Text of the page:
By: Tynan Power*/TRT Columnist–
In February, my community was gripped by the unfolding trial of David Fried-Oppenheim, founder of a popular local performing arts center. Fried-Oppenheim, a cisgender man, was charged with multiple counts of child rape, stemming from a sexual relationship that began when the victim, now 20, was only 14. The jury convicted Fried-Oppenheim on all counts, after a week of hearing testimony from numerous witnesses, including a young FTM who also had been involved at the center.
In any case that draws significant media attention, there is likely to be an element of trial by public opinion. Often the accuser ends up being “tried.” In this case, the witness seemed to be on trial for his gender. The witness’s transition was referenced in almost every news story, even when his previous gender was not relevant to the point being made.
More disturbing, though, was the fact that the defense used the witness’s gender identity to cast doubt on his testimony. In one instance, Fried-Oppenheim attempted to make the witness seem less credible by saying that he knew the FTM was in therapy. This was repeated by the media, yet it seems that it was not put into context either in court or in the news. Even if you accept the idea that seeing a therapist means someone is mentally unstable – which I don’t – it’s not that simple for transgender people. Therapy is a required part of the process of transition. Most people who wish to transition will see a therapist, no matter how sane and stable they are.
Additionally, during closing remarks, the defending lawyer reportedly called the FTM witness “a professional at fooling people,” an apparent reference to his gender identity.
It makes sense that the accused, facing such serious charges, will say just about anything to be acquitted. What makes no sense to me is how it is permissible – in a state with nondiscrimination laws that cover gender identity – for a lawyer to make biased statements against transgender people in court, without it being questioned by Judge Rup, who oversaw the case, and without professional reprimand.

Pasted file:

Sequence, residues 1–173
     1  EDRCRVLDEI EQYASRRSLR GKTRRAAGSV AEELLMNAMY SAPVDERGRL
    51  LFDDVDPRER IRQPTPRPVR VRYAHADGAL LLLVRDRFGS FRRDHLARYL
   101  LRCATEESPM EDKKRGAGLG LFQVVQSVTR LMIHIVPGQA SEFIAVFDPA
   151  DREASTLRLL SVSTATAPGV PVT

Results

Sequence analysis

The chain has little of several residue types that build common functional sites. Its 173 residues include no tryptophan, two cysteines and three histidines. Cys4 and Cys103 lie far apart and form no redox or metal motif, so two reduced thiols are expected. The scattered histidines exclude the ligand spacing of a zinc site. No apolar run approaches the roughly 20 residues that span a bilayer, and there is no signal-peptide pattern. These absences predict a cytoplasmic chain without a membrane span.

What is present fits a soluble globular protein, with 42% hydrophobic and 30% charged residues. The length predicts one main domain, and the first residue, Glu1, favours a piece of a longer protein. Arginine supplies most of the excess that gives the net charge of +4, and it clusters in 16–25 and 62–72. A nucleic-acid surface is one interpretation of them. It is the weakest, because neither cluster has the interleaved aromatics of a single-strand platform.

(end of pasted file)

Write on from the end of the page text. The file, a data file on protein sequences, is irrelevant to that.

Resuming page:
“Massachusetts’ gender-identity-nondiscrimination law bans discrimination in employment, housing, education and credit. By its terms, the law does not affect how a lawyer argues his client’s case in court,” explained Cole Thaler, a former transgender-rights attorney for Lambda Legal, who clerked for Judge Rup earlier in his career. “Lawyers are permitted to use certain tactics to try to raise doubts about a witness’ credibility. This is called impeaching the witness. For example, lawyers can impeach with a prior statement from the witness that conflicts with what he says now in court.”
“A lawyer who uses a witness’s transgender identity to try to cast doubt on truthfulness is attempting to arouse the jury’s prejudice in his client’s favor,” said Thaler. “Lawyers have attempted similar tactics in cases where transgender or gay people were victims of crimes, as if that aspect of identity makes the person inherently suspect. In 2006, California enacted the Gwen Araujo Justice for Victims Act specifically in response to that practice. That law amends jury instructions to state that the use of societal bias to influence the proceedings of criminal trials is not allowed.”
To my knowledge, no such law exists in Massachusetts. Yet, I can’t imagine a similar statement being made about any other minority group. Would it be tolerated for a lawyer to say that gays are “professionals at fooling people?” What about African-Americans? Latinos? Jews?
Throughout the trial, daily articles about the case drew prolific comments online. Many seemed to view the gender identity of this one FTM witness as having “confused” the entire case. One comment on the local news site MassLive.com stated that some witnesses seemed to have “deep emotional/mental issues” while another said they didn’t see how the accused could be convicted because the case was “bizarre” – and specifically mentioned “transgenders” as an example of what made it bizarre. In fact, what was bizarre was the defense’s transphobic statements and the disproportional attention to this tangential detail about one witness.
The treatment of the witness’ gender identity in the media and the “court of public opinion” has left me very concerned and angry – for all transgender people and for this witness, in particular, who came forward to do the right thing and testify, despite the disruption to his personal life and the public dissection of his identity. (Not surprisingly, I discovered late in the case that I know the FTM witness – it is a small community, after all.) Even aside from my concern for him personally about what he’s had to endure, this case worries me.
Will other transgender witnesses refuse to testify, knowing how their identities will be treated? Will transgender victims choose to let perpetrators off the hook rather than be tried by public opinion themselves? It is clearly time for Massachusetts to enact its own version of the Gwen Araujo Justice for Victims Act.
And what of the rest of us? In the past few years, the transgender community has made great strides, securing legal rights in Massachusetts and several other states. But it’s clear that we have a long way to go before the court of public opinion affords us the basic rights of dignity and respect.
*Tynan Power is an FTM parent, writer, Muslim and interfaith leader. E-mail him at firstname.lastname@example.org.